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A preliminary study assessing risk to Tasmanian devils from poisoning for red foxes

Authors

  • Channing Hughes,

    Corresponding author
    1. Institute of Wildlife Research, School of Biological Sciences, University of Sydney, Sydney, New South Wales 2006, Australia
    • Institute of Wildlife Research, School of Biological Sciences, University of Sydney, Sydney, New South Wales 2006, Australia.
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  • Robbie Gaffney,

    1. Fox Eradication Branch, Department of Primary Industries, Parks, Water and Environment, 134 Macquarie Street, Hobart, Tasmania 7000, Australia
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  • Christopher R. Dickman

    1. Institute of Wildlife Research, School of Biological Sciences, University of Sydney, Sydney, New South Wales 2006, Australia
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Errata

This article is corrected by:

  1. Errata: Erratum: A preliminary study assessing risk to Tasmanian devils from poisoning for red foxes Volume 76, Issue 3, 659, Article first published online: 15 March 2012

  • Associate Editor: Terry A. Messmer.

Abstract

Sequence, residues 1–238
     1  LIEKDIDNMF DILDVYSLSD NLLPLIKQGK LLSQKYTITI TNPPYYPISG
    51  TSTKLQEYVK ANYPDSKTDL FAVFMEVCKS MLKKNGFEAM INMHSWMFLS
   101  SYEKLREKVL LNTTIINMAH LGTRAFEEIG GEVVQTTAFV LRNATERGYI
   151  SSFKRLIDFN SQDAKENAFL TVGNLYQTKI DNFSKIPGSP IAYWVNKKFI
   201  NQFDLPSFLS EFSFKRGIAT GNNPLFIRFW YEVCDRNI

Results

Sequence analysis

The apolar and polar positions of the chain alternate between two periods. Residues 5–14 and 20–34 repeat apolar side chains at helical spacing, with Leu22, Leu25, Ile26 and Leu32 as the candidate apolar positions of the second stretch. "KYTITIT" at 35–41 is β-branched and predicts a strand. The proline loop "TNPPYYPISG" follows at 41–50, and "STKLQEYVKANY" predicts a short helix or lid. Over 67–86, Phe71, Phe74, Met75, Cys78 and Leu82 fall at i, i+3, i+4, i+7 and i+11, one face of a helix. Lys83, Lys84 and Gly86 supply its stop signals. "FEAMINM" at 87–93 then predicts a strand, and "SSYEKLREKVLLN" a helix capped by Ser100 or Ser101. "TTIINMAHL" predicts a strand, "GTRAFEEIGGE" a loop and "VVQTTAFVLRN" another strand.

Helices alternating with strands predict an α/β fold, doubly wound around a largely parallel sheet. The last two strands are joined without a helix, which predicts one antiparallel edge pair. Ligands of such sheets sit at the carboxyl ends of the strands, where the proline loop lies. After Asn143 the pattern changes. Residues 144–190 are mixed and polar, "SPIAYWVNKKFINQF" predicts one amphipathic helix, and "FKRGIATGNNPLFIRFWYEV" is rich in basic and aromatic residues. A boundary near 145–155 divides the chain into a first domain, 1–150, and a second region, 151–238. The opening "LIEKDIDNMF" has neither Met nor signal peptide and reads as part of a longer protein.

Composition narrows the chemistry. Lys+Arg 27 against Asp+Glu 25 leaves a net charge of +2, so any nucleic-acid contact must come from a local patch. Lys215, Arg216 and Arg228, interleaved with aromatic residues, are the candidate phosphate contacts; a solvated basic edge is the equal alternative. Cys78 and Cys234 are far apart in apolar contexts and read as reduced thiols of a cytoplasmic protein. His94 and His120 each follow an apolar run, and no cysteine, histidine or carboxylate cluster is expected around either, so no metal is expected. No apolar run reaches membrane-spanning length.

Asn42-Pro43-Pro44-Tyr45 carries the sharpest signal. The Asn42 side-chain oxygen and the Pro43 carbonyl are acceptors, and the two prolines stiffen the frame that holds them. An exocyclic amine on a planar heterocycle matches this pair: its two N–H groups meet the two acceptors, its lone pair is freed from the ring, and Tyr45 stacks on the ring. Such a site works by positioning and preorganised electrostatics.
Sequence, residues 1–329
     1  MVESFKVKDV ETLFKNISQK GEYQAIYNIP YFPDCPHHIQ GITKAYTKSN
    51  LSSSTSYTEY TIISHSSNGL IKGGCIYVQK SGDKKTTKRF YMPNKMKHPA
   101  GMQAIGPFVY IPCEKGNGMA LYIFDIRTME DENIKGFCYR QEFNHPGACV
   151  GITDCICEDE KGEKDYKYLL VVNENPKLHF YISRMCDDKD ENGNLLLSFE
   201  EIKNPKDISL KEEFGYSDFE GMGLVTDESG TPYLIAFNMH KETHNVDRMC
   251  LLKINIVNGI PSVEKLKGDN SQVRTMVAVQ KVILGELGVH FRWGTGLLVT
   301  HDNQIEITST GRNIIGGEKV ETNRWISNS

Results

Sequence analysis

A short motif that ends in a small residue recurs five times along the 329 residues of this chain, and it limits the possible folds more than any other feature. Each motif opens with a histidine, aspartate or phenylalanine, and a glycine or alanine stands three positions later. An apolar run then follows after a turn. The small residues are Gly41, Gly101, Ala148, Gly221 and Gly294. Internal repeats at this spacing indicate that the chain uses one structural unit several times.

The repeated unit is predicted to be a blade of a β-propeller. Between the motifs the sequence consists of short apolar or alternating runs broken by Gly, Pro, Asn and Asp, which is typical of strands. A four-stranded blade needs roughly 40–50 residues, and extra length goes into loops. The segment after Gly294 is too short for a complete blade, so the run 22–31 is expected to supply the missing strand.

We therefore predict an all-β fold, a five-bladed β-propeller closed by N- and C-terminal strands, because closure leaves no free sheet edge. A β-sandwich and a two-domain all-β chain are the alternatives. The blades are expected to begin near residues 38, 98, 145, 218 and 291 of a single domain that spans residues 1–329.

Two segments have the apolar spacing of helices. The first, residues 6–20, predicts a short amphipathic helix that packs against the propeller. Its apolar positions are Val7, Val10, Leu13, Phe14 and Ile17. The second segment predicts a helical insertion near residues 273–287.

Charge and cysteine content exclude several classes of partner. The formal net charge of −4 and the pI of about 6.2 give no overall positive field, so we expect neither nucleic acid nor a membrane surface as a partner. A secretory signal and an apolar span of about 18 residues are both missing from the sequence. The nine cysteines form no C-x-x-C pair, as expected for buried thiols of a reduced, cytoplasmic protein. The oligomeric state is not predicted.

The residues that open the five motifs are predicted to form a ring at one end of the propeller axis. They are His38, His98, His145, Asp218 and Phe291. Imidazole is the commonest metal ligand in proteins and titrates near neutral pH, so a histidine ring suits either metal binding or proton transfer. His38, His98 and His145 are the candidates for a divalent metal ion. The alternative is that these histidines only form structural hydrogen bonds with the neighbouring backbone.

The recent introduction of red foxes (Vulpes vulpes) to Australia's island state of Tasmania represents a major threat to native fauna. In response, the Tasmanian government has begun a fox eradication program using Foxoff®, a bait containing the poison sodium monofluoroacetate (commonly known as 1080). The bait is potentially attractive to native Tasmanian carnivores as well as to foxes. Of particular concern is the endangered Tasmanian devil (Sarcophilus harrisii), which is already at risk from an emergent infectious disease, devil facial tumor disease (DFTD). In both a captive and a field study using non-toxic Foxoff bait, we assessed bait palatability and possible effects of demographics, hunger level, bait age, and bait burial method on the likelihood of bait uptake by Tasmanian devils. Captive devils showed varying interest in the bait, but wild devils appeared to find it uniformly palatable. In the captive study, males and younger, captive-born animals were more likely to excavate and remove bait. Subterranean burial at 15 cm was the most effective deterrent to bait excavation; effectiveness decreased at shallower depths and with surface-level bait buried beneath soil mounds. Our findings suggest that the current fox-baiting campaign may negatively impact individual devils. More extensive study is necessary to assess potential risk at the population level. © 2011 The Wildlife Society.

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